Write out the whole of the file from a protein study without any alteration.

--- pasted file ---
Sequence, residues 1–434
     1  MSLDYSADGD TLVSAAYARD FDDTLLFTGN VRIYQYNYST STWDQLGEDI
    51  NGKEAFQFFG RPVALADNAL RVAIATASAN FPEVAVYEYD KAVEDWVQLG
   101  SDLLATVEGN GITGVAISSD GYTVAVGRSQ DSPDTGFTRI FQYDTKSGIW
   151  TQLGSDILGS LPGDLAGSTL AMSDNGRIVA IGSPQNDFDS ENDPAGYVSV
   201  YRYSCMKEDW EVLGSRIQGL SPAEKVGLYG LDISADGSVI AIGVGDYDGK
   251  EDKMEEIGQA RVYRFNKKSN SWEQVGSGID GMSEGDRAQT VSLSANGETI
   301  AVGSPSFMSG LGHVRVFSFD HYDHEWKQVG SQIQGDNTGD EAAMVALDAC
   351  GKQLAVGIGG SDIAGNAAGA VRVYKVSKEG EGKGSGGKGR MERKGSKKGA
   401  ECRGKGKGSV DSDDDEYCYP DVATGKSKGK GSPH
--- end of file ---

Sequence, residues 1–434
     1  MSLDYSADGD TLVSAAYARD FDDTLLFTGN VRIYQYNYST STWDQLGEDI
    51  NGKEAFQFFG RPVALADNAL RVAIATASAN FPEVAVYEYD KAVEDWVQLG
   101  SDLLATVEGN GITGVAISSD GYTVAVGRSQ DSPDTGFTRI FQYDTKSGIW
   151  TQLGSDILGS LPGDLAGSTL AMSDNGRIVA IGSPQNDFDS ENDPAGYVSV
   201  YRYSCMKEDW EVLGSRIQGL SPAEKVGLYG LDISADGSVI AIGVGDYDGK
   251  EDKMEEIGQA RVYRFNKKSN SWEQVGSGID GMSEGDRAQT VSLSANGETI
   301  AVGSPSFMSG LGHVRVFSFD HYDHEWKQVG SQIQGDNTGD EAAMVALDAC
   351  GKQLAVGIGG SDIAGNAAGA VRVYKVSKEG EGKGSGGKGR MERKGSKKGA
   401  ECRGKGKGSV DSDDDEYCYP DVATGKSKGK GSPH